In remanufacturing, a product must be disassembled in order to reuse its parts in another production cycle or in the construction of the same product
Remanufacturing is an important business model for the circular economy because it succeeds in extending the useful life of components of a product that would otherwise be considered waste. In the Italian market, it is better known as remanufacturing a product and works perfectly in mechanical or automotive components.
For example, a vehicle that has reached the end of its cycle, before being scrapped, can turn out to be a real gold mine for remanufacturing companies that, by reusing components that are still in good condition, are able to remanufacture defective parts giving them a second life. The remanufacturing of motor vehicle parts enables the reuse of still-functioning parts that would otherwise be destroyed. In fact, engine parts, clutches, calipers, brakes, injection systems and tires can be recovered thus re-entering a new production cycle thanks to the “remanufacturing” process. In practical terms, starting from an existing spare part – referred to as a carcass – useful parts can be obtained to make a failed or defective original part of a car or truck efficient again. Compared with making a component from scratch, both economic and environmental savings can thus be achieved. In the automotive sector, this savings can be quantified as an 88% decrease in virgin material used, a 56% reduction in energy requirements, and up to a 53% reduction in CO2 emissions into the atmosphere. The remanufactured parts are tested thus receiving a warranty certificate, and the result is thus a product that can guarantee performance equivalent in every way to the new one. In essence, this is a circular economy model based on recycling that more and more companies are looking at with interest.
The importance of a new business model such as remanufacturing
A company, to really succeed in becoming a “remanufacturer,” must completely overhaul its business model through the guidelines of tools such as the Circular Business Model Canvas. Companies today that want to do circular economy by applying remanufacturing are faced with trying to recover and remanufacture products that were thought of years ago, have been on the market for years, and were not designed with an ECODESIGN thought out for their future reuse. This condition can make a standardization of a remanufacturing process difficult, sometimes prompting companies to specialize in niche sectors, giving rise to innovative, high-tech networks, and launching new markets for reconditioned products, arranged to extend the useful life of the final product. Reasoning instead on the new design of circular products, a very interesting horizon opens up, full of potential: if I have to design something new, I will do it by providing for demanufacturing and remanufacturing, so that the final product is predisposed to be easily disassembled, thus creating industrial supply chains certified by the initial manufacturer, ready to be able to recover these products.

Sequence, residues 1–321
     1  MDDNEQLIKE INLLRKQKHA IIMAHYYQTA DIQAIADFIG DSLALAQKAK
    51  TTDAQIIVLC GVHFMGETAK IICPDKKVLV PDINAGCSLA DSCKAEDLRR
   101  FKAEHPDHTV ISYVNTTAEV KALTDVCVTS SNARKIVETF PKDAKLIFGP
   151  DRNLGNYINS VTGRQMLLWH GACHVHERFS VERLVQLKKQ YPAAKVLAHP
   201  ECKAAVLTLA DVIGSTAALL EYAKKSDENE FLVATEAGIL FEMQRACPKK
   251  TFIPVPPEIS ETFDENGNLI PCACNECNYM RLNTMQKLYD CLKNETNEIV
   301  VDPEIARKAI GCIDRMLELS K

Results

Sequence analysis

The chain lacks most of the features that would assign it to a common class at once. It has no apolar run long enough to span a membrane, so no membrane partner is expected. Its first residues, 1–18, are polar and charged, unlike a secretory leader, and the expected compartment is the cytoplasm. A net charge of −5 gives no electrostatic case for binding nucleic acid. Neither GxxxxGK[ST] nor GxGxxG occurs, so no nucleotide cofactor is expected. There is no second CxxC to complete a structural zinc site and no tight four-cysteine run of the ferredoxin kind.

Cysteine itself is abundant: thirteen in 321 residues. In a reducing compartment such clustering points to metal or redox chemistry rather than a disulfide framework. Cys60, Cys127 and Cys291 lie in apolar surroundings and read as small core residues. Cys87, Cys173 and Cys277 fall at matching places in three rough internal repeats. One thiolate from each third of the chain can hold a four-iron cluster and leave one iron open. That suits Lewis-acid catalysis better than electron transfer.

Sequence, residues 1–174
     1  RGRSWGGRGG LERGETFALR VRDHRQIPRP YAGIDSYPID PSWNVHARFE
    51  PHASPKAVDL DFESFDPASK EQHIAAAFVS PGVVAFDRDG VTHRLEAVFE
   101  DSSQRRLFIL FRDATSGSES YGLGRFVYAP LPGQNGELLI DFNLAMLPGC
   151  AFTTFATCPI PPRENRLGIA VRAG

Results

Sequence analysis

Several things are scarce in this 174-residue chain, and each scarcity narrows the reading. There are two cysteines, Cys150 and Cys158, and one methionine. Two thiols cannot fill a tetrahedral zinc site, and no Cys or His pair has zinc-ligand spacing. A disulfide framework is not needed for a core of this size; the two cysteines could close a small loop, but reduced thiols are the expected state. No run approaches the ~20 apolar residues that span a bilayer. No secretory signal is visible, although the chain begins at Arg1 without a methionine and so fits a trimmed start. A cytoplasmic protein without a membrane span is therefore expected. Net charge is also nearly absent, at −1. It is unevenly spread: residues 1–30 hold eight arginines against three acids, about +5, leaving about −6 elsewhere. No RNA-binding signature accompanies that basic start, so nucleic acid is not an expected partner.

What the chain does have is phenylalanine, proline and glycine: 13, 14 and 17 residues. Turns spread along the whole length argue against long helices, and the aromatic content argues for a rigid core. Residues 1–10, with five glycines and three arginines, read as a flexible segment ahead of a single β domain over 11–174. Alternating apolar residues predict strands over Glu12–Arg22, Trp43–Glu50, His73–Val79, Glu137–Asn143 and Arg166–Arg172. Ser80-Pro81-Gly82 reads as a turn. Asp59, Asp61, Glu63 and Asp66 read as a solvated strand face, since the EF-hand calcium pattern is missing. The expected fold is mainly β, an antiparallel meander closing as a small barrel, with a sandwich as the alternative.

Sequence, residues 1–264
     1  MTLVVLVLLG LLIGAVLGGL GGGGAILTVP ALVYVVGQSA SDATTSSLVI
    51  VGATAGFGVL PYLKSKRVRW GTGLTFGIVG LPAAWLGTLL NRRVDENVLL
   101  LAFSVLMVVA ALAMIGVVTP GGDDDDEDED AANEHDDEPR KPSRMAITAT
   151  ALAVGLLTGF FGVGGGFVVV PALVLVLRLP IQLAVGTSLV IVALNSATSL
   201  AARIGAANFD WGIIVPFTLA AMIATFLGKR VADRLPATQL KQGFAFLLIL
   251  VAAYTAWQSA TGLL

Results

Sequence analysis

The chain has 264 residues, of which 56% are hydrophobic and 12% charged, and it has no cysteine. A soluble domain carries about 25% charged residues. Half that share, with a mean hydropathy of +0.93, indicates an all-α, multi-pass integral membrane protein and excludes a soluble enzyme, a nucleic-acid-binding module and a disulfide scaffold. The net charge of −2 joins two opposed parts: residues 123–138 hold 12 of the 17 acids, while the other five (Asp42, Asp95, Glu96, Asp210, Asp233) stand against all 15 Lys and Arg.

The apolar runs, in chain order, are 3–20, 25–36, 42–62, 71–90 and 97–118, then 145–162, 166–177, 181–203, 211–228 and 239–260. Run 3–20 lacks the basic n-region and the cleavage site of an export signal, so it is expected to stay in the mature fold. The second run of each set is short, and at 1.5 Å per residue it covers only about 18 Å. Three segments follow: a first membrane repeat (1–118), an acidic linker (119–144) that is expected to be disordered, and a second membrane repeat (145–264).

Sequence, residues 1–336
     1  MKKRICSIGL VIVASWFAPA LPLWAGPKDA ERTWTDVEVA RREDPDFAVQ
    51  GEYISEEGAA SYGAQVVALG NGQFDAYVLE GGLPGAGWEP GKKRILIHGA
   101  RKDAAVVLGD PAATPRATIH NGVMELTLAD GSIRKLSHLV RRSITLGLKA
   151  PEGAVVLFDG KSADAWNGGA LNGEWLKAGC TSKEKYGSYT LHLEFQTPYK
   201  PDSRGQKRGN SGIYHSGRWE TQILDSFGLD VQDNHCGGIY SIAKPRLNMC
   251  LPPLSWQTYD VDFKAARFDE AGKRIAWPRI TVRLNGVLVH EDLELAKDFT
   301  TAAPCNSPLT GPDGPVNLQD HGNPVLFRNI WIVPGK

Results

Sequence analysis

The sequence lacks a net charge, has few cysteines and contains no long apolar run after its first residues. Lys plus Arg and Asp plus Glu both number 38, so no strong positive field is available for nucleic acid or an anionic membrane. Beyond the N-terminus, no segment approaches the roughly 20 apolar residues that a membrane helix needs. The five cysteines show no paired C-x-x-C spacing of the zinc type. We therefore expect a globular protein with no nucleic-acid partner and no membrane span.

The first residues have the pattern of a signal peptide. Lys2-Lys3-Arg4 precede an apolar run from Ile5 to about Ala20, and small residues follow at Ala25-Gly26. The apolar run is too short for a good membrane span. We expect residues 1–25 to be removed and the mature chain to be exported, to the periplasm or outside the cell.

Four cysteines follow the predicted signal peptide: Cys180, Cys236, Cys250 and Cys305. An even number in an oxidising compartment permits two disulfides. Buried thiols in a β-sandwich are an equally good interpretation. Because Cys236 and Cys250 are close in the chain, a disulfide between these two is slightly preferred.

It is therefore essential to adapt one’s business model to the concept of the circular economy, so that it is no longer focused on maximizing sales by putting obsolescent products on the market that can be easily replaced by new ones, but that it already includes a sector of its production that recovers, disassembles and reconditions product components with a view to reusing them. It is apparent that the circular business model of PRODUCT AS SERVICE is integrated with that of remanufacturing, because the product remains the property of the person who built it by selling only its use and service that distinguishes it, recovering it at the end of its life to recondition its parts. Remanufacturing and subsequent reuse of parts help companies use materials and energy more efficiently in manufacturing. Remanufacturing and reconditioning programs enable customers to maximize the integrated value of their assets brought to market in several ways:
Garantendo la By ensuring maximum productivity;
By increasing equipment reliability and uptime;
By guaranteeing cost-effective performance;
By offering a warranty identical to that on new products;
By increasing the customer’s return on investment;
By providing the customer with a wide range of repair options to meet their service requirements;
By providing the customer with a higher resale value;
By offering the lowest operating costs and total cost of ownership;
Preserving most of the energy and materials needed to make the original component or machine;
Thus, remanufacturing is a business model that is being developed in large companies producing complex and expensive machinery that needs a long period of use to be competitive in the market, such as Caterpillar, which has an advanced remanufacturing model for its machinery components that is already largely integrated into its corporate policy.
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